|Date opened||1920, reopened 1972|
|Land area||40 acres (16 ha)|
|No. of animals||750|
|No. of species||140|
Montgomery Zoo is a 40-acre (16 ha) zoo located on the north side of Montgomery, Alabama. The zoo is an independent city department, and is aided by The Montgomery Area Zoolocal Society. It is home to approximately 750 animals representing 140 species. It is an accredited member of the Zoological Association of America and participates in twenty-one Species Survival Plans. In 2007, the zoo was home to the first African elephant birth in Alabama. In 2013, the first Indian rhinoceros ever conceived by artificial insemination was born at the zoo. The Mann Wildlife Learning Museum opened in January 2003. The museum features taxidermy displays with a focus on native wildlife, game species, and resource management.
The Montgomery Zoo began as a small menagerie in 1920 in Oak Park in downtown Montgomery. Initially started as a small children's zoo as a part of a local community park, the zoo housed alligators, monkeys, bears and assorted other animals. There was a small train and carousel for the children. The zoo closed down between 1960 and 1971 due to racial tensions, and an unwillingness to integrate.
In 1972, the Montgomery Zoo reopened at its current location. The zoo began with six acres, a small petting zoo for the children, assorted monkeys, a flight cage designed after the 1906 St. Louis World's Fair, and a chimpanzee named Benji. In 1976, the Montgomery Zoo hosted its first fundraising event entitled Zoo Day. This initial event grew to become an annual event and is now called Zoo Weekend. Today, an average Zoo Weekend will host as many as 18,000 guests.
In 1989, ground-breaking took place expanding the zoo to 40 acres. After two years of construction, the community welcomed a new zoo in 1991. Barrier-free and multi-species exhibits highlighted the expansion, as well as the zoo being divided into five continental realms: Africa, Australia, Asia, North America and South America. Since then the zoo has continued to grow and expand. In 1992, the cougar and lynx exhibit was opened in North American realm, the Reptile House, jaguar, and ocelot exhibit were completed in South America; and the new chimpanzee and colobus monkey exhibits opened in the Africa realm. In 1993, the Bengal tiger exhibit opened in the Asian realm with one white and one orange tiger. In 1995, the bald eagle exhibit opened in North American realm and Monkey Island was completely renovated in South America. In 1996, the American black bear exhibit opened and the first baby cheetah was born. In 1998, the maned wolf and Indian rhino exhibits opened. In 1999, the new front gate entrance and gift shop opened. In 2003, the Mann Wildlife Learning Museum was completed and opened on zoo property. In 2004, the African elephant exhibit opened, housing three female elephants.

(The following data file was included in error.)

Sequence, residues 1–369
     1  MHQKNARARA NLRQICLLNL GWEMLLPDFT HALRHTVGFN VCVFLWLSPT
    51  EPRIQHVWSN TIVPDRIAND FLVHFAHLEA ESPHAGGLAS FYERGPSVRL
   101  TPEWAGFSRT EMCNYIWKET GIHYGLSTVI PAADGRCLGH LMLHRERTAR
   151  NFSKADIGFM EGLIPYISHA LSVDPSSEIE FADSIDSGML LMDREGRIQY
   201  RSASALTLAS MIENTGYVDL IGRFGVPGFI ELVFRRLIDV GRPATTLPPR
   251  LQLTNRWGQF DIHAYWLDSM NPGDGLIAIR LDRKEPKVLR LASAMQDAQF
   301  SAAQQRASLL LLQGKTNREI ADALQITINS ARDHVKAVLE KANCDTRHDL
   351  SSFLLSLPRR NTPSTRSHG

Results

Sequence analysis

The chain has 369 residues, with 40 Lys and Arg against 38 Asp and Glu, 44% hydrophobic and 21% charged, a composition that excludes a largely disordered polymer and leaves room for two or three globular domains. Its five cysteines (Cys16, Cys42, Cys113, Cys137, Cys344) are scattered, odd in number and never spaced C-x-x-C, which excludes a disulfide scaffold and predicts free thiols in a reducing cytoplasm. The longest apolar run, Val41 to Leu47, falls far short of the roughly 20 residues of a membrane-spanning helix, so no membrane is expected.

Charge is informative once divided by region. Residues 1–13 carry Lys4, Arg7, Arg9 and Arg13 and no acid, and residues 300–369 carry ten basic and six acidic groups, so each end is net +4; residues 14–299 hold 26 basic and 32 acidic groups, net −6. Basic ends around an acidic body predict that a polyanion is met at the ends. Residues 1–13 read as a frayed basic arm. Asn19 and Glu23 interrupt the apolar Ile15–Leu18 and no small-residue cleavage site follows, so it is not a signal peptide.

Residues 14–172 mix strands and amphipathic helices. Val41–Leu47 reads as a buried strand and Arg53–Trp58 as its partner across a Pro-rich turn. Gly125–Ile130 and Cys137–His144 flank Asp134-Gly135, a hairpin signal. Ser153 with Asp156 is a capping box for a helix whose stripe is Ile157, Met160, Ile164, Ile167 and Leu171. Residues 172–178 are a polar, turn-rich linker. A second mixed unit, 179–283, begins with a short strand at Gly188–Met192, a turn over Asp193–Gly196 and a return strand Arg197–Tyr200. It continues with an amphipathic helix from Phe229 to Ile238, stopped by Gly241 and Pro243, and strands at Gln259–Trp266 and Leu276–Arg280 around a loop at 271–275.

In March 2008, the North American river otter exhibit opened featuring two river otters and an additional habitat for an alligator snapping turtle. In June 2010, the zoo opened the Giraffe Encounter and feeding stations at the river otters and koi fish ponds. The following year, both the Parakeet Cove and Horse Trail Rides were added as animal encounters. In August 2012, the Zoofari Skylift Ride was completed. Two months later, the Birmingham Zoo's two male lions, Baron and Vulcan were displayed in their exhibit at the African realm. Two years later, these two lions were sent to Salt Lake City's Hogle Zoo to breed with Woodland Park Zoo's two lionesses.
The new American alligator habitat opened with four bachelor males in summer 2014.